P323RGS 4 KO mice are predisposed to atrial fibrillation (AF) and show disrupted sympathovagal balance, making RGS 4 a potential therapeutic target for AF

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Abstract

Purpose

The electrophysiological basis of AF is not understood. Acetylcholine from the vagus nerve binds to muscarinic receptors causing dissociation of α- βγ subunits of the inhibitory G-protein, activating G-protein gated inward rectifying potassium (GIRK) channels. The result is bradycardia, shortening of the APD and propensity for AF. Gi2 is the predominant cardiac G-protein and RGS 4 terminates Gi2.

Methods

In vivo studies were performed in RGS 4 KO and wild type (WT) mice. Electrophysiological studies (EPS) were undertaken in 8-week old anaesthetised mice with a 1.1F catheter inserted into the right atrium via the right internal jugular vein. ECG and EP parameters were recorded. AF induction was attempted with burst pacing for 25 seconds and repeated after injection of 0.5mg/kg carbachol. Telemetry probes were inserted intra-abdominally into 12-week old mice. After a two week recovery period, ECGs were recorded in conscious mice for 48 hours and studied for AF and atrial ectopics (AE). An ECG post carbachol injection was analysed. Heart rate variability (HRV) was measured from 12 to 2pm, when murine vagal tone is highest.

Results

ECG and EP parameters were comparable. RGS 4 KO mice developed AF (76.9 vs 38.5%, P=0.04). Mean duration of AF for WT was 70.2 ± 29.8 (1.9 to 770) versus 222.6 ± 164.9 (1 to 2867.4, P=0.69) seconds for RGS 4 KO mice. Although this did not reach significance, there was a trend to a longer duration of AF in RGS 4 KO mice. Carbachol did not increase AF in KO or WT (P= 0.28), although a trend was apparent. Conscious RGS 4 KO mice were tachycardic (634.3 ± 52.6 vs 562.6 ± 36.3 bpm, P=0.03), and had an enhanced bradycardic response to carbachol (288.2 ± 37.9 vs 524.3 ± 24.2 bpm, P=0.02). ECG and HRV parameters of WT and RGS 4 KO mice without and with carbachol were comparable (P > 0.05). Carbachol- treated RGS 4 KO mice had disrupted HRV (P=0.008) compared to RGS 4 KO mice alone. This was not seen with WT treated with carbachol (P > 0.05). Carbachol-treated RGS 4 KO mice had several pauses, 2 to 7 AE, but no AF. WT mice treated with carbachol had a maximum of one AE. Without carbachol, no AE or AF was seen in RGS 4 KO or WT mice.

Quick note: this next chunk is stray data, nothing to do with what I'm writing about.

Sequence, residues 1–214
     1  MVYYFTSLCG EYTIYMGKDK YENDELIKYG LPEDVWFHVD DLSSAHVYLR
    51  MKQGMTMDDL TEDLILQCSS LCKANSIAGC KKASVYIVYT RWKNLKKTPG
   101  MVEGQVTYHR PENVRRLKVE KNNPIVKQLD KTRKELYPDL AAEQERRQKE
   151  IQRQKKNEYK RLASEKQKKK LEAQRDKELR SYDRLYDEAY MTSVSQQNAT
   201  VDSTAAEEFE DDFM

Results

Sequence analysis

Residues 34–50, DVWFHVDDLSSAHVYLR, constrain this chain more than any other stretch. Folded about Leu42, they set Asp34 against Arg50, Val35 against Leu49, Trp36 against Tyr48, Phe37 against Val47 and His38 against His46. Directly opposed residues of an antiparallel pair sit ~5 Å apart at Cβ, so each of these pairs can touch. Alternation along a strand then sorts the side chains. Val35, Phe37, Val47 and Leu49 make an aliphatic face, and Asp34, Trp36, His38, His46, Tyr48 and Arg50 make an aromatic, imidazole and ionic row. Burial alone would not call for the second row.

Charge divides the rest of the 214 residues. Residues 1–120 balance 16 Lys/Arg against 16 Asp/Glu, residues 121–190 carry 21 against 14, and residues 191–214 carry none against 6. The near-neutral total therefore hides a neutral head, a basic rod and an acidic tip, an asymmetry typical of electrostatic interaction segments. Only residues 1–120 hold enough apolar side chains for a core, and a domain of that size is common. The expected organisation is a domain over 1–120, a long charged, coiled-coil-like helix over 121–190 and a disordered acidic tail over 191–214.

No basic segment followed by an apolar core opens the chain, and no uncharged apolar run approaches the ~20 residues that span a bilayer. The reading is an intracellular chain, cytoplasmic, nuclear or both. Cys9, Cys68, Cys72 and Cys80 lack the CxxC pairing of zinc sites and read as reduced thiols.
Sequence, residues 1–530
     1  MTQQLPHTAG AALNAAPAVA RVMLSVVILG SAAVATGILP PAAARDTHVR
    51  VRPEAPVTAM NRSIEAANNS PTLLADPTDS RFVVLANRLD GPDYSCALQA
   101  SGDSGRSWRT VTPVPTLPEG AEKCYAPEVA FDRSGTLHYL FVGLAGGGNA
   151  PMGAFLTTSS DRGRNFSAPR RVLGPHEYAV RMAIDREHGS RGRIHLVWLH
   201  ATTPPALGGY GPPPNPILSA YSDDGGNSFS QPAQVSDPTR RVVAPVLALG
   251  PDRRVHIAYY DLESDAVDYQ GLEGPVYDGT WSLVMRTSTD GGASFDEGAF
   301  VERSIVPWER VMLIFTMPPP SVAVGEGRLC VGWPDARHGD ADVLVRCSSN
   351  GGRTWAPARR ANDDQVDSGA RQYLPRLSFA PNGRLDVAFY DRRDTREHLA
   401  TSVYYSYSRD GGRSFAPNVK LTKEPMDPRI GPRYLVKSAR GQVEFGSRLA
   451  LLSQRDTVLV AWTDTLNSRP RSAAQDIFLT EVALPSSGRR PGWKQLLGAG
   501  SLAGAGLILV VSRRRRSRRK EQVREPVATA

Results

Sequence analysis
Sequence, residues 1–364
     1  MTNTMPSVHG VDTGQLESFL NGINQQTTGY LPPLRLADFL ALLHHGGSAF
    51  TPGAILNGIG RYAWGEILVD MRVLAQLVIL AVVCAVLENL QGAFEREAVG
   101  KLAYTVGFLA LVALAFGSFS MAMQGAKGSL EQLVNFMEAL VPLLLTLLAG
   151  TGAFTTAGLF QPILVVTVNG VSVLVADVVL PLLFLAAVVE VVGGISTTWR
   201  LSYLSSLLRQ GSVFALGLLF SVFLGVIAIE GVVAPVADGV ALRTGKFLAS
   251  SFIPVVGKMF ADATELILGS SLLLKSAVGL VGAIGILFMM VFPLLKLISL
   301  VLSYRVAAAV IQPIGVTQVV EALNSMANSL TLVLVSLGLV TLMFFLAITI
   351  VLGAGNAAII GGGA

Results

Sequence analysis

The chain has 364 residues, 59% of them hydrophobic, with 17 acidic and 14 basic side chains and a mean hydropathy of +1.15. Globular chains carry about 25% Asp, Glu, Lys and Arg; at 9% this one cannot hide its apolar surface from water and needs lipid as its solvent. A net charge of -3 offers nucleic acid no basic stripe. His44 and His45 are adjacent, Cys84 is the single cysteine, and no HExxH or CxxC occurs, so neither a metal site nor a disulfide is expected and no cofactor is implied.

Conclusions

This is the first report of AF and HRV in the RGS 4 KO mouse in vivo. These are tachycardic, have an increased bradycardic response to carbachol and disrupted HRV. This signifies altered sympathovagal balance.

Conclusions

Mechanistic studies are underway to understand the electrophysiological basis of AF in the RGS 4 KO mouse. RGS 4 is a potential therapeutic target in the treatment of AF.

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